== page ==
all. Four more are very minor differences, such as the presence of the
conjunction, which is often a matter of style. The rather three letters are the
Hebrew word for “light” which is added after “they shall see” in verse 11. Out
of 166 words in this chapter, only this one word is really in question, and it
does not at all change the sense of the passage. This is typical of the whole
manuscript. (How Reliable is the Old
Gleason Archer also makes an interesting
observation and says,
Even though the two copies of Isaiah
discovered in Qumran Cave 1 near the Dead Sea in 1947 were a thousand years
earlier then the oldest dated manuscript previously known (AD 980), they proved
to be word for word identical with our standard Hebrew Bible in more than 95
percent of the text. The 5 percent
of variation consisted chiefly of obvious slips of the pen and variations in
spelling. Even those Dead Sea fragments of Deuteronomy and Samuel
which point to a different manuscript family from that which underlies our
received Hebrew text do not indicate any differences in doctrine or
teaching. They do not affect the message of revelation in the slightest. (A Survey of Old Testament Introduction)
3. Quotes from Reputable Scholars:
W.F. Albright, who is anything but an evangelical, said,
We may rest assured that the consonantal
text of the Hebrew Bible, though not infallible, has been preserved with an accuracy perhaps unparalleled in any other Near Eastern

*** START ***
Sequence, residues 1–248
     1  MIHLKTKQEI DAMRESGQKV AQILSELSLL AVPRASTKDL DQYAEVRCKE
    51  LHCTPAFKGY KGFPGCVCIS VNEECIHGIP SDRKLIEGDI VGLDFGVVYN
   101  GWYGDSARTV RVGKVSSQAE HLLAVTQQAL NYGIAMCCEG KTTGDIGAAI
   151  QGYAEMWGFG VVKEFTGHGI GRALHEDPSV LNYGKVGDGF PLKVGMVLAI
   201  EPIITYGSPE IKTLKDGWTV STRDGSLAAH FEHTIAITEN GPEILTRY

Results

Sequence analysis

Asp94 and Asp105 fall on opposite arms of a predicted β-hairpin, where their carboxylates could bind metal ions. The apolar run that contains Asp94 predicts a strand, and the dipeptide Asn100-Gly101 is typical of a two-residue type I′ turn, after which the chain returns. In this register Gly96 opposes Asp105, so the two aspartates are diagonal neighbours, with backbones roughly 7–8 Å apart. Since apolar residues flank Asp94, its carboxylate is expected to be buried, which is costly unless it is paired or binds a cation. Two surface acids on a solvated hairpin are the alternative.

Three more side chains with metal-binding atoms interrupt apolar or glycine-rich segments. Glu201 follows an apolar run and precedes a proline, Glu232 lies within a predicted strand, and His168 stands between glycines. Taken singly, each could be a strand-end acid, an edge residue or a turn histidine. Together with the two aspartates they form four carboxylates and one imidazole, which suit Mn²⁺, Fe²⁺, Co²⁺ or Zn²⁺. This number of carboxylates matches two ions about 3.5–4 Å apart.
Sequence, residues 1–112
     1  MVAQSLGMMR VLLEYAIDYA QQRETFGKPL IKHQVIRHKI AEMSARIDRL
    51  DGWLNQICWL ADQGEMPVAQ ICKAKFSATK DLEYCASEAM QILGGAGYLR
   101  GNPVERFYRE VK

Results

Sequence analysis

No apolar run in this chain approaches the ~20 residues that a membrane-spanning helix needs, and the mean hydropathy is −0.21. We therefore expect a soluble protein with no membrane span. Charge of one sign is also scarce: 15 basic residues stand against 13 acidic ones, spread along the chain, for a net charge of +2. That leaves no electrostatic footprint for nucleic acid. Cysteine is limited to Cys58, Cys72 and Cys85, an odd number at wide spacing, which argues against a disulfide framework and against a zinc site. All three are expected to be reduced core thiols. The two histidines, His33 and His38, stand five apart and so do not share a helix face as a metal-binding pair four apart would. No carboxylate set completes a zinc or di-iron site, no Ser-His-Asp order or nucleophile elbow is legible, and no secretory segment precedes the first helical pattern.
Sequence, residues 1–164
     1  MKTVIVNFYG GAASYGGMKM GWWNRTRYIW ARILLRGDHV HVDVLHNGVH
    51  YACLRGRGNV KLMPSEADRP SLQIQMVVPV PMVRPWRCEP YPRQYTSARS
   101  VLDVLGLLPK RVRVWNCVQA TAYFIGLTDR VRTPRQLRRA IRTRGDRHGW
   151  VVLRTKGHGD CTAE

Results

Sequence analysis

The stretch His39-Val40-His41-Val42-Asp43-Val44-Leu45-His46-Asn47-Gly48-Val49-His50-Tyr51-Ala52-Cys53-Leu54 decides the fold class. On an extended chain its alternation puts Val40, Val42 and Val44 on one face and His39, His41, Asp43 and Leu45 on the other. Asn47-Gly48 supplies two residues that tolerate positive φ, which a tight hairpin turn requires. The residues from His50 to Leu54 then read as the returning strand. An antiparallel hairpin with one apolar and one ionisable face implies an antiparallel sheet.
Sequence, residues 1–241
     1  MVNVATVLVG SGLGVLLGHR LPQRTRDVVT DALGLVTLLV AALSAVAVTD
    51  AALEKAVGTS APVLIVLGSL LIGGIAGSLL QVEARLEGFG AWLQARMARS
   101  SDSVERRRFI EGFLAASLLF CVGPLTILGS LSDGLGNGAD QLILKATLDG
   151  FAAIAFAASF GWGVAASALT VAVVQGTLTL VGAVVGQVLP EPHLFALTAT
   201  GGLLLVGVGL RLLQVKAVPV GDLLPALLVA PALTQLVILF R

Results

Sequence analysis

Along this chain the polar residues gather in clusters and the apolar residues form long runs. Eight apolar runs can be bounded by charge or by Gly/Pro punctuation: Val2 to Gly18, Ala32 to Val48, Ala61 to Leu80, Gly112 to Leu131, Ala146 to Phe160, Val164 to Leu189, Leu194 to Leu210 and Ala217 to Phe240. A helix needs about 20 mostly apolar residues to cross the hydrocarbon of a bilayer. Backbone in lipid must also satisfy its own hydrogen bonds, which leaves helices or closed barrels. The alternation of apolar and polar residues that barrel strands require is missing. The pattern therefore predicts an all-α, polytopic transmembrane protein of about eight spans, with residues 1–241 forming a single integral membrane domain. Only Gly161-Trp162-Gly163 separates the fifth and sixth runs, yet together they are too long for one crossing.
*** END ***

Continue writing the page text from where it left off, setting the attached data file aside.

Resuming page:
Laird Harris, an evangelical, says,
We can now be sure that copyists worked
with great care and accuracy on the Old Testament, even back to 225 BC At that time, there were two or three types of text available for
copying. These types differed among themselves so little, however, that we can infer that still earlier copyists had also faithfully
and carefully transmitted the Old Testament text. Indeed, it would be rash
skepticism that would now deny that we have our Old Testament in a form very
close to that used by Ezra when he taught the Law to those who had returned
from the Babylonian captivity.
A. There are still many things we do not
know about the transmission of the Old Testament but we can now see that it is
reasonable to believe that our present manuscripts are very close to the
originals. By faith, we accept some things that we do not yet understand.
However, our faith is placed in the reliability of the Old Testament
which in substantiated by solid facts.
The problem is not with the text but with man’s willingness to believe what God has said in the inspired Old Testament.